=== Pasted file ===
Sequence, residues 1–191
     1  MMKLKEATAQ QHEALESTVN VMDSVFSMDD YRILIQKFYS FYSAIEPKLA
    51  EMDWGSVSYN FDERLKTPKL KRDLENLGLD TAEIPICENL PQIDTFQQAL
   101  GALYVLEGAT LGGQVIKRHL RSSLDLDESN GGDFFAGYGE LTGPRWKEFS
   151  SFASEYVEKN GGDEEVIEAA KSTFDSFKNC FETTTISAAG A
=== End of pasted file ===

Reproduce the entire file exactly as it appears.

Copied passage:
Sequence, residues 1–191
     1  MMKLKEATAQ QHEALESTVN VMDSVFSMDD YRILIQKFYS FYSAIEPKLA
    51  EMDWGSVSYN FDERLKTPKL KRDLENLGLD TAEIPICENL PQIDTFQQAL
   101  GALYVLEGAT LGGQVIKRHL RSSLDLDESN GGDFFAGYGE LTGPRWKEFS
   151  SFASEYVEKN GGDEEVIEAA KSTFDSFKNC FETTTISAAG A